The administration implemented a new school-wide policy this week that aims to crack down on tardiness, tightening consequences for students who arrive late to class unexcused.
Under the new policy, teachers will lock the doors to the classroom once the bell rings, and tardy students will receive detention slips.
The tardy policy is part of a greater effort to decrease the number of students who fail a class due to loss of credit (LC). After the policy dramatically decreased tardiness within the ninth-grade academy, the administration decided to expand the policy to the entire school. "We want students in class so they do not receive an LC," said ninth-grade administrator James Short. "It would be an injustice to students to have them go to class all semester just to LC because they are late a few times."
MCPS policy states that students with five or more unexcused absences in a semester will not receive credit. Three unexcused tardies are treated as one unexcused absence.
Short stressed that the new policy is not meant to be punitive. "The reason behind it is academic performance and instruction," he said. "Students are coming in to class anywhere from three to 20 minutes after the late bell. It's not only disrupting class, but they have to get caught up."
Late students without a legitimate pass must get a detention slip from their administrator before they can return to class. They then have to attend after-school detention, which is administered on either Tuesday or Thursday in room 234.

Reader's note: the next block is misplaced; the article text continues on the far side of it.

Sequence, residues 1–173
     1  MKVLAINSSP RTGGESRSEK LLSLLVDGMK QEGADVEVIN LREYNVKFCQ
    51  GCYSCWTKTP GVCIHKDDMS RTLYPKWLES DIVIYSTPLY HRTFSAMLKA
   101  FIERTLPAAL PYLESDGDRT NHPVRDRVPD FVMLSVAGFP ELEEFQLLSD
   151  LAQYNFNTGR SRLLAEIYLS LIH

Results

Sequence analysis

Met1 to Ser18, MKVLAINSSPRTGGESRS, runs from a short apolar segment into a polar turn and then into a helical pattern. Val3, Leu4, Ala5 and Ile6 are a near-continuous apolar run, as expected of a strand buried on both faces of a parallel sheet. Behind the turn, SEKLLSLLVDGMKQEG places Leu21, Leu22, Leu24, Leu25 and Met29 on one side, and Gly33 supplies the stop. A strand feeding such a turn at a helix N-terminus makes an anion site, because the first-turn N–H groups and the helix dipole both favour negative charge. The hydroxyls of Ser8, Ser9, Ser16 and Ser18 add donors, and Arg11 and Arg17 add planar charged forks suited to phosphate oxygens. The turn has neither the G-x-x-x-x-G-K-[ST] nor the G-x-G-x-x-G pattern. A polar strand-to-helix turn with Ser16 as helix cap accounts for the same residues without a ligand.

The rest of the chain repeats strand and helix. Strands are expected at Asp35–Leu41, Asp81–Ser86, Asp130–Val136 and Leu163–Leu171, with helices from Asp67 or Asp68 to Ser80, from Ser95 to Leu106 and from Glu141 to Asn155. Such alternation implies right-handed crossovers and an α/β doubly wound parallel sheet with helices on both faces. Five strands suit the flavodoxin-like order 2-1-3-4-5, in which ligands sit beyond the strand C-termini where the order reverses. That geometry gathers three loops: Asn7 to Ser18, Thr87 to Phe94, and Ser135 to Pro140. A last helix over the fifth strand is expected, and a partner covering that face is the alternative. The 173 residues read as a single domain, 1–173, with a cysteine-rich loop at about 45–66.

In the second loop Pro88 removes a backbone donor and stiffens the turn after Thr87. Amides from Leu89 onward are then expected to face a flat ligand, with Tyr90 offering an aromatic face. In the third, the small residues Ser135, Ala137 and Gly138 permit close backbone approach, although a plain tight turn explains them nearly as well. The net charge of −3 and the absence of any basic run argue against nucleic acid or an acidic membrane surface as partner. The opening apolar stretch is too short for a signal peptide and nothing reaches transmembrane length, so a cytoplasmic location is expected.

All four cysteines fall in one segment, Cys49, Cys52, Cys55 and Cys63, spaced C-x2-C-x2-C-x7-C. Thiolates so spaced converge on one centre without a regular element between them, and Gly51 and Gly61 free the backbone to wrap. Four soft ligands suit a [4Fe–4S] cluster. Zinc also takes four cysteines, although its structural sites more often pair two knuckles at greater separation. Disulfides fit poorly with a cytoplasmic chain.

For students who are repeatedly tardy for class, additional consequences will be left up to the administrator. Administrative action could include additional detention, a parent and student conference or in-school suspension.
Short said that the policy is not intended to be punitive. "The only time it becomes punitive is if students are insubordinate," he said. "We're trying to reinforce what is already a requirement — getting to class on time."
The decision to expand the policy to the whole school was due in part to the relative success the administration has had with the freshmen. Short suggested last month that ninth-graders be given detention for being tardy after observing that some freshmen were "cavalier" when told to go to class.
There was a noticeable decrease in the number of tardy freshmen once the policy was put into action. "The first day, the line for getting detention slips was out the door," said Cedric Boatman, the security guard in charge of the ninth grade. "The next day, the halls were cleared, and people were running to class."
Short believes the policy could be instrumental in reducing incidents that occur during the passing period. "Data shows that most conflicts occur between students when they are in a common area and not in class," said Short.
In response to the new policy, the SGA submitted a formal appeal to Principal Phillip Gainous on Monday to suspend the policy, contesting that it was put into place without any student input, violating MCPS regulations regarding the formulation of new policies. Gainous has 10 days to respond with a written decision, according to MCPS policy.
SGA President Eric Hysen believes the policy is severe and unnecessary. "The SGA is concerned that it is heavy-handed and comes amidst recent changes in bell times that could result in students getting unnecessary detentions," he said.
Hysen said the SGA has other less punitive ideas in mind to combat the problem of late students, including putting clocks in the hallways. If needed, Hysen is willing to take the SGA's appeal to the Superintendent.
Kathy Jee. Kathy Jee is a junior in the Magnet Program and is excited to be a part of the wonderful Silver Chips staff. When not in school, she enjoys playing basketball and obsessing over "American Idol." She is looking forward to another stressful year of school... More »